This is story with strengths and weaknesses: great production and performances, nice in-joke about Kevin and Peri (a British reference I’m afraid – see Kevin and Perry Go Large). I liked Blackpool and though I didn’t watch much of the show at this time it felt authentic. It also felt different from the Main Range (which is probably the point). It isn’t bad but a couple of months from listening to it little sticks out. A great setting and I love fun fairs and ghost rides and as a season opener it’s ok. Could more have been done with the Toymaker? Yes and Big Finish has done that in other stories such as Solitaire and Magic Mousetrap.

Mission to Magnus

Philip Martin is up next with Mission to Magnus:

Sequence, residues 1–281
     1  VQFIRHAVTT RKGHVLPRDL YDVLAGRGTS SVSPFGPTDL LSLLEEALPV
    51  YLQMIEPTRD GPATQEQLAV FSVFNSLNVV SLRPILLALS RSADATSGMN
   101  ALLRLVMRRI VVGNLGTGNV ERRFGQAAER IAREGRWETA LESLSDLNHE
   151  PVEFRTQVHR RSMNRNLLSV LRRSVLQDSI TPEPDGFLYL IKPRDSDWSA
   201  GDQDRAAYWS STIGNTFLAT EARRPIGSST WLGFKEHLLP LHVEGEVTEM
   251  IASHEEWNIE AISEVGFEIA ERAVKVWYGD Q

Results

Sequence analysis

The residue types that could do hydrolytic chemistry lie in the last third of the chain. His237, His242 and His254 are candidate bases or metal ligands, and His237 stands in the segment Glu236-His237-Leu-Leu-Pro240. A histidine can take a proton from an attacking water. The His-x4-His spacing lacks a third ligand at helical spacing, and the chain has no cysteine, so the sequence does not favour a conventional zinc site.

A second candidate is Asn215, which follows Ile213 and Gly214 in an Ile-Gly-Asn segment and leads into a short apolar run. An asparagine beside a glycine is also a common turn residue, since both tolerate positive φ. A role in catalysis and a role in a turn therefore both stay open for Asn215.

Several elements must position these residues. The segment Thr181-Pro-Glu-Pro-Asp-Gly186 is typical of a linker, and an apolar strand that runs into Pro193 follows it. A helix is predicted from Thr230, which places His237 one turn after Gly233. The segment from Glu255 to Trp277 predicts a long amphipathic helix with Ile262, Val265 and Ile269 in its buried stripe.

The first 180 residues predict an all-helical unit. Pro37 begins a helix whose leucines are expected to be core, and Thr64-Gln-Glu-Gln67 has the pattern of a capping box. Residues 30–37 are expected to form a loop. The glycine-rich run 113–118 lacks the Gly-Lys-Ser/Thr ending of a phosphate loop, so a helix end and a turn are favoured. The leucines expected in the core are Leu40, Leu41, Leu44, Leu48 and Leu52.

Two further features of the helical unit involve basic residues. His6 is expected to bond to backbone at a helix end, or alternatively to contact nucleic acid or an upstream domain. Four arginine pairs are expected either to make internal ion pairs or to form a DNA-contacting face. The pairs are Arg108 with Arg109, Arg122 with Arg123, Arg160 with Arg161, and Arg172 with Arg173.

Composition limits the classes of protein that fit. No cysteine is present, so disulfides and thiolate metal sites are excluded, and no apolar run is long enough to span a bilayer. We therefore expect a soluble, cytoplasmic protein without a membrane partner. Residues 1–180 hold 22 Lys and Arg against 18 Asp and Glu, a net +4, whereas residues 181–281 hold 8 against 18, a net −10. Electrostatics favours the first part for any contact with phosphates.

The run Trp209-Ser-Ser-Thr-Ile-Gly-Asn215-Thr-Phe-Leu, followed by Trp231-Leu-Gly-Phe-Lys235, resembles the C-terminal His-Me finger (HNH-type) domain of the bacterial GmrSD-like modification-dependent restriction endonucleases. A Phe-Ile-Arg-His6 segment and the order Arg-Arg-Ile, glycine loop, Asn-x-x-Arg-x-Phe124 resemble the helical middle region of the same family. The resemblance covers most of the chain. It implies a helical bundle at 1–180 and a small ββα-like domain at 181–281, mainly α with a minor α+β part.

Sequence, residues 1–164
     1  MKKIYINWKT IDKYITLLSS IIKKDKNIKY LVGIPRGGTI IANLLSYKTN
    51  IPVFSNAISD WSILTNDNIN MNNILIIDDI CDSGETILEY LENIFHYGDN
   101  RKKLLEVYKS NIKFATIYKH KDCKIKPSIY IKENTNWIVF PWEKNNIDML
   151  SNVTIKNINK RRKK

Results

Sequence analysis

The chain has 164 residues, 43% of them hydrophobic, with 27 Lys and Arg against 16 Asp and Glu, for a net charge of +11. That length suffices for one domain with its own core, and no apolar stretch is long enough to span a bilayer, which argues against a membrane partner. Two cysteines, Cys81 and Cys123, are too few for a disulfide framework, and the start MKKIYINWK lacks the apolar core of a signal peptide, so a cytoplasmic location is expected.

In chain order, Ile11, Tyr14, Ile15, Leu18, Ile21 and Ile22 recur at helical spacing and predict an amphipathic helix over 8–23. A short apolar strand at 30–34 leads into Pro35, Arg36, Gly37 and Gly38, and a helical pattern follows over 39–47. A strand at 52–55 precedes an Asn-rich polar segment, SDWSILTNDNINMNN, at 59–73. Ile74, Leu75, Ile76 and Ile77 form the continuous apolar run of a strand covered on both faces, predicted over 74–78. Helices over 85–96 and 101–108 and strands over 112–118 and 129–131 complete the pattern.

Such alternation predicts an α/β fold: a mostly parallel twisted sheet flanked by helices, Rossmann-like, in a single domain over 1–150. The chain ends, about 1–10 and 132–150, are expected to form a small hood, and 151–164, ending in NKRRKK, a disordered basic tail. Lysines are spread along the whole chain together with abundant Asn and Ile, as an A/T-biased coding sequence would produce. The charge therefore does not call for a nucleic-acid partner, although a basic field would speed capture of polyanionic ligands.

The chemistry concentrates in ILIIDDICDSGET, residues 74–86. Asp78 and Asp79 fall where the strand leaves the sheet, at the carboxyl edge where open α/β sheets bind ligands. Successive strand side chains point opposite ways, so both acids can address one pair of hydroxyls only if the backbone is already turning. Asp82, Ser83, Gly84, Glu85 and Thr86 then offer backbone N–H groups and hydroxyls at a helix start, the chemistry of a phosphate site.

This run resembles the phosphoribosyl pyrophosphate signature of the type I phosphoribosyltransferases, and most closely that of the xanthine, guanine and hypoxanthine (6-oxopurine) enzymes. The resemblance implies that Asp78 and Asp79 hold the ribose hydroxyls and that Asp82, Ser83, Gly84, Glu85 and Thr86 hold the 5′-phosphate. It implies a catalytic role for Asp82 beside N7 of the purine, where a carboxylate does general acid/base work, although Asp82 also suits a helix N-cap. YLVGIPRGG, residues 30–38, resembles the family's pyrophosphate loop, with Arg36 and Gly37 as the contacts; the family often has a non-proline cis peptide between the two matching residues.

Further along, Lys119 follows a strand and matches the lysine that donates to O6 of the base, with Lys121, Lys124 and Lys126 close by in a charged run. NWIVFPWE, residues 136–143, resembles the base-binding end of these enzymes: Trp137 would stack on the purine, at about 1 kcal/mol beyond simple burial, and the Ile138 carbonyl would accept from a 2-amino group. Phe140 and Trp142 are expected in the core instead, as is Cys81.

The Doctor and Peri face enemies at every turn on the planet Magnus. There’s the Time Lord bully Anzor, who made the Doctor’s life hell during his time at the Academy. There’s also Rana Zandusia, the matriarchal ruler of the planet, who seeks to prise the secret of time travel from these alien visitors.Also on Magnus is the slug-like Sil, still bitter from his defeat on the planet Varos and seeking to make his fortune from the most potentially destructive ends. And, deep within the planet, there is something else. Another old enemy of the Doctor’s. And the future is looking decidedly colder…